Tokenizing Text Using the Basic English Algorithm

In natural language processing (NLP) problems you must tokenize the source text. This means you must split each word/token, usually convert to lower case, replace some punctuation, and so on. In Python, the spaCy library and the NLTK (natural language toolkit) library have many NLP functions including tokenizers. The TorchText library has tokenizers too.

In some NLP problem scenarios you need a custom tokenizer to deal with oddities of your source text. One rainy weekend day I sat down on my couch and refactored the TorchText “basic_english” tokenizer source code. The algorithm is:

1. Convert source text to lower case
2. add space before and after single-quote, period, comma,
left paren, right paren, exclam, question mark.
3. replace colon, semicolon, (br /) with a space
4. remove double-quote
5. split on whitespace

Somewhat unfortunately, the TorchText source code uses a Regular Expression approach — ugh. I am not a fan of regular expressions. When they work you’re fine but trying to debug a regular expression is a trip to the seventh level of Hell.

All of the TorchText tokenizer regular expression functionality is string replacement, so it would be an easy task to yank out the regular expression and refactor using simple string replacement. This would make it easy to deal with situations where you want to retain the capitalization of certain words that have important meaning in your source text. For example, if you were working with calendar date text, you might want to retain capitalization of months January, February, March, and so on, because “march” can be the verb, “may” can be the request word, and so on.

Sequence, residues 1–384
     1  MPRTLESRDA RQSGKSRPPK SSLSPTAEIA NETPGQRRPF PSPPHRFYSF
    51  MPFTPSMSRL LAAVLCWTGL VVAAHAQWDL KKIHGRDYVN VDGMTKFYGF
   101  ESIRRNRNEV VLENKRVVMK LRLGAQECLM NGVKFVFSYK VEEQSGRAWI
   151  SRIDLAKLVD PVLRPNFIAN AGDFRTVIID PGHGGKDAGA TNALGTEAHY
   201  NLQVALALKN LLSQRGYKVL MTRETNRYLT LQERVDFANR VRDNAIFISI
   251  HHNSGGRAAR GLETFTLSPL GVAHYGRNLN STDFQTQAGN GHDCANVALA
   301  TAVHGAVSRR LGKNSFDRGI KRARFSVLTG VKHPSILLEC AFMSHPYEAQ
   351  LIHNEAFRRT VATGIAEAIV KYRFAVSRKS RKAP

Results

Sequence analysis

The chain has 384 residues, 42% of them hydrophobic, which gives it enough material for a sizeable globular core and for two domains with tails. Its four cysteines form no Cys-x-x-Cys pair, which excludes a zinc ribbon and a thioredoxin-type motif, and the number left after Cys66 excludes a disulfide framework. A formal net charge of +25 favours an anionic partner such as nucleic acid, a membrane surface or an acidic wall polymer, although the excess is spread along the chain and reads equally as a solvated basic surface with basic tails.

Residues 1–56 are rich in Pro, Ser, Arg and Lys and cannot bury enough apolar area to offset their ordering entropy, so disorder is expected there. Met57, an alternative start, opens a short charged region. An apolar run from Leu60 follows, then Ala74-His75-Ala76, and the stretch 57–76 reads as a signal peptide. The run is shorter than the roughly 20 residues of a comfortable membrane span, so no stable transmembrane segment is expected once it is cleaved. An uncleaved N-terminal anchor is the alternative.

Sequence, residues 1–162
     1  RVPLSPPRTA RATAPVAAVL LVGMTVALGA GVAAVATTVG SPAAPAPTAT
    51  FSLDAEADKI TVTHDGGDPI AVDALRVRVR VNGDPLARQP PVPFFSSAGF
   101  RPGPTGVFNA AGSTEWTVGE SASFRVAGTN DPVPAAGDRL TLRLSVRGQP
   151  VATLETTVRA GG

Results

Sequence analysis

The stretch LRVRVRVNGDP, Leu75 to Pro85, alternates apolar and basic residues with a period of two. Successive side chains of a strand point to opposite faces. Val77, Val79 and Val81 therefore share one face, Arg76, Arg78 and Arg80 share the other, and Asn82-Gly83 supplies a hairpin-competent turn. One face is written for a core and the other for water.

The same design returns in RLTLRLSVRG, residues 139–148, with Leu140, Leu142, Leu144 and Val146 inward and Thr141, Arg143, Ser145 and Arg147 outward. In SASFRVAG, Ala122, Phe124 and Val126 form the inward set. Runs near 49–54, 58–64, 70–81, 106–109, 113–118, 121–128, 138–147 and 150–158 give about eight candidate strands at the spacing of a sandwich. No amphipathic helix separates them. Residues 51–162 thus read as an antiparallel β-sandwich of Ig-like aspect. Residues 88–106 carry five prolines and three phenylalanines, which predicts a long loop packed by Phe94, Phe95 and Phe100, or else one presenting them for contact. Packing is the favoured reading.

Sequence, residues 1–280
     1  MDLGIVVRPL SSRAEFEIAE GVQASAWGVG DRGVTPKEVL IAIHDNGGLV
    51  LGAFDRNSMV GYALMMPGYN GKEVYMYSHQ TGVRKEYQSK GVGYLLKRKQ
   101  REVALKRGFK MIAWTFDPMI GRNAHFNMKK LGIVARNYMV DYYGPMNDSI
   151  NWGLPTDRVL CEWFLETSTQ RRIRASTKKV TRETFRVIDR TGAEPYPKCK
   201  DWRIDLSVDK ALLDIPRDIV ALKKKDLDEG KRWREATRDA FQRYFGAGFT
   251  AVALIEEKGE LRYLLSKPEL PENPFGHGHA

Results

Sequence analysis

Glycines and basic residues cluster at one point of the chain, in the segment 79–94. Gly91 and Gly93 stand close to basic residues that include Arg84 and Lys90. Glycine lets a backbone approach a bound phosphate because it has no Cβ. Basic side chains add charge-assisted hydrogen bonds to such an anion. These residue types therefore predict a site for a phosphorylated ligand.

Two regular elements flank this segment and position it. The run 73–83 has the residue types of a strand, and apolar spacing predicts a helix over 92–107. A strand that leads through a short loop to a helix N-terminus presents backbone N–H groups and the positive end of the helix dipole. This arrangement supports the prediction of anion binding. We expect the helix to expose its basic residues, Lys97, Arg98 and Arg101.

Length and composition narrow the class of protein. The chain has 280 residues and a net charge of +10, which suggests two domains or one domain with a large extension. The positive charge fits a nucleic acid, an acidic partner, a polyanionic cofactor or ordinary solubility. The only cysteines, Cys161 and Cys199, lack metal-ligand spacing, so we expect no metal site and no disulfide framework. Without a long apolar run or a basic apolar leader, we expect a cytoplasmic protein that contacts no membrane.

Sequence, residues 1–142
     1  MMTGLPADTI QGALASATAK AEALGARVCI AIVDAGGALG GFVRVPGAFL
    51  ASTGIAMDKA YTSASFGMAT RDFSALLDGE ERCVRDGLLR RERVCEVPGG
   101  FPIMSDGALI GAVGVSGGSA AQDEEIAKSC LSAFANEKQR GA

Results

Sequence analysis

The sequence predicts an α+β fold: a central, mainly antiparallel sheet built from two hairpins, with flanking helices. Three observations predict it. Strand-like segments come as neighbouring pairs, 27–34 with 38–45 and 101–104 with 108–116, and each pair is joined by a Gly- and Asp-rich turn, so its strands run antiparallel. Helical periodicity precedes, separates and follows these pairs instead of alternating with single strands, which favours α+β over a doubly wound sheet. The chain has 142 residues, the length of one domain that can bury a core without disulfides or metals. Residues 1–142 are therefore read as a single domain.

Using string replacement is slower than regular expressions but easier to customize. The code could look like:

class MyTokenizer:
  # use simple string replacement instead of RE
  def tokenize(self, line):
    line = line.lower()
    line = line.replace(".", " . ")
    line = line.replace(":", " ")
    line = line.replace('\"', "")
    # etc.
    return line.split()

my_toker = MyTokenizer()
line = "Blah, blah, whatever."
result = my_toker.tokenize(line)

Whenever I write code, I try to avoid external dependencies. Writing a custom text tokenizer is one way to eliminate an external dependency for NLP problems.



The term art tokenization can mean several things. One meaning is to create a set of blockchain tokens that establish ownership of an expensive piece of art like a Van Gogh or da Vinci. This allows partial ownership of a piece of art, and allows art to be traded like the way company shares can be traded in he stock market. The weird idea is that the physical presence of a work of art isn’t too important when digital images of it can be shown.

Here are three examples of science-inspired art. Will any of them ever be worth millions of dollars? Who knows — maybe. Left: by artist Fabian Oefner. Center: by Igor Siwanowicz. Right: by an anonymous middle school student, posted by his teacher, Jim Dodson.

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